Eminently Victorian

26th July 1996 at 01:00
High Art was as much on the agenda in Victorian times as popular culture is today. And nowhere was the pursuit of it more vigorous than on the Isle of Wight.

Tennyson marched across the cliff-tops declaiming his verse while his neighbour, the photographer Julia Margaret Cameron, the stink of chemicals clinging to her person, dragooned all and sundry into dramatic poses. One of her visitors was the painter G F Watts, a small, nervous chap whose dependence on others enabled him to pursue on canvas such noble abstraction as Love, Faith, Hope and Death. Real life was much more difficult, as Watts discovered when at the age of 46 he married a high-spirited 18-year-old who was fond of wearing pink tights. The marriage was quickly dissolved and the young woman, Ellen Terry, went on to become one of the leading actresses of her day.

These and other well-known characters inhabit the pages of Lynne Truss's Tennyson's Gift (Hamish Hamilton Pounds 16). The comic disparity between their actions and their ideals was first put to good use by the daughter of Mrs Cameron's niece, Virginia Woolf, in her play, Freshwater, which she wrote to entertain friends. By adding to this scenario the clever, dysfunctional Reverend Dodgson, who brings with him a strange manuscript which he wants to dedicate to Tennyson's sons, Lynne Truss enriches her tale with a Carrollian mad logic. Echoes of Alice enter various escapades and some of the dialogue.

But it is Lynne Truss' free-wheeling pace that makes Tennyson's Gift so exuberant and so funny. The book should instantly be made into a film and directed by Jonathan Miller. It catches the Poet Laureate's egotism, Mrs Cameron's pathological need to shower him with votive presents, Watts' marital difficulties and Emily Tennyson's desperate attempts to hide from her husband adverse reviews and parodies of his verse. Mixed in with all this are two American phrenologists, father and daughter, who like Watts, deal with moral virtues but link them with cranial bumps. It all folds together into a well constructed farce, buoyant, affectionate and wise.

Anita Brookner, in Altered States (Jonathan Cape Pounds 14.99) translates hopeless longing into art. We have, of course, been here before in her other novels. Not only does her narrator, Alan Sherwood, take a holiday in a discreet, dull, respectable Swiss hotel, but his obsession with Sarah Miller parallels that of George Bland for Katy in one of Brookner's earlier novels, A Private View. Like Katy, Sarah is little more than a stereotype, a temptress, all hair, thigh and scent, physically glamorous and, though her motives are unclear, morally dubious.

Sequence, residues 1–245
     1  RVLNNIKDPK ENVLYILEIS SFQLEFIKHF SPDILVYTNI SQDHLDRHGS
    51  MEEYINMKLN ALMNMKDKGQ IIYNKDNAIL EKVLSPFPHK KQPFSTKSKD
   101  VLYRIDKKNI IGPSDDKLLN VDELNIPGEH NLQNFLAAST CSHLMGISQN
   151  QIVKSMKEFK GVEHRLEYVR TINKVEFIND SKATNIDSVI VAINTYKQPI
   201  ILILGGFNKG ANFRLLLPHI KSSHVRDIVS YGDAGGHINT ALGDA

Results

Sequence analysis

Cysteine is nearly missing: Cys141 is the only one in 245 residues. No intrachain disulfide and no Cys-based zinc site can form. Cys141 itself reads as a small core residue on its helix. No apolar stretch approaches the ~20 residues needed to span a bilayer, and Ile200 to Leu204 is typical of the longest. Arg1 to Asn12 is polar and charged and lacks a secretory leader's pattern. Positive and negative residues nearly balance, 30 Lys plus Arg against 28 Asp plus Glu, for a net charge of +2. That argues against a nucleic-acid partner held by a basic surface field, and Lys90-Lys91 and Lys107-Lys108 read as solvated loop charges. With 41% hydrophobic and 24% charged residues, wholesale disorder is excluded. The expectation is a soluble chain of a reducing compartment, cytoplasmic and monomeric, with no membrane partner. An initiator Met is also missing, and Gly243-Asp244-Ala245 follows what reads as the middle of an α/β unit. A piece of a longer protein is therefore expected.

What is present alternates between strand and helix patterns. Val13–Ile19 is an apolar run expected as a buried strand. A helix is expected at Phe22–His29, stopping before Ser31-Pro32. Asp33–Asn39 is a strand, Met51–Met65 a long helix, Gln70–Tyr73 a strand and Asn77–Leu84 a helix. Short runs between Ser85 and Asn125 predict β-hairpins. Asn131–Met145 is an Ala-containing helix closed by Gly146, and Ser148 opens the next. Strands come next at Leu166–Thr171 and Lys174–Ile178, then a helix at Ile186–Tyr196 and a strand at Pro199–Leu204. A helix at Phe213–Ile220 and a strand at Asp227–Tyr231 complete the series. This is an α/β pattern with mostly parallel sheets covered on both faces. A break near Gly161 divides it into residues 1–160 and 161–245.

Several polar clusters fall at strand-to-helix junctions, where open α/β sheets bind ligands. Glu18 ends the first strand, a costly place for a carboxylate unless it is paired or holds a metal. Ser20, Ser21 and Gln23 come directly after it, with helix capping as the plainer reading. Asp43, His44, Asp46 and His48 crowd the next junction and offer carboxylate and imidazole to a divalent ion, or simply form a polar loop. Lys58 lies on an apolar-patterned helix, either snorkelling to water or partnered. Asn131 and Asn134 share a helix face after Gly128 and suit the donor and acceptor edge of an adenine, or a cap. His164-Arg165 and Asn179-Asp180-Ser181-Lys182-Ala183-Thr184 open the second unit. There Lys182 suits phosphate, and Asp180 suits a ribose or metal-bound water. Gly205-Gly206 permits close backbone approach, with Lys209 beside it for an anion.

The vacancy created by Sarah in the book troubles the plot. Her fleeting affair with Sherwood leaves no aftertaste and therefore undermines the reader's belief in his subsequent obsession. There follows an unhappy marriage and an attempt at betrayal which fails because Sarah never turns up at the Paris Hotel where he is waiting. But even this, supposedly momentous, turning point, seems more the product of fantasy than real emotion. The reader, however, had earlier been warned by the narrator: "the only verdict on all my activities... is consistent with the remote kindliness of the slowly and inexorably descending night."

Far from operating within familiar territory, Liz Heron's characters are usually found in alien surroundings where they live as well or as badly as they can, but with a certain strangeness. Their dislocation is analogous in A Red River (Virago Pounds 6.99) with the reader's need to come to terms with distant times and places, for these subtle and richly haunting short stories make one travel far.

The author seems determined to break fictional stereotypes and expectations and to suggest at some hidden level seismic alterations in a character's state of mind. In "Alida Valli's Coat", for example, the heroine does in the end find romance but, as with the coat, chooses not to wear it.

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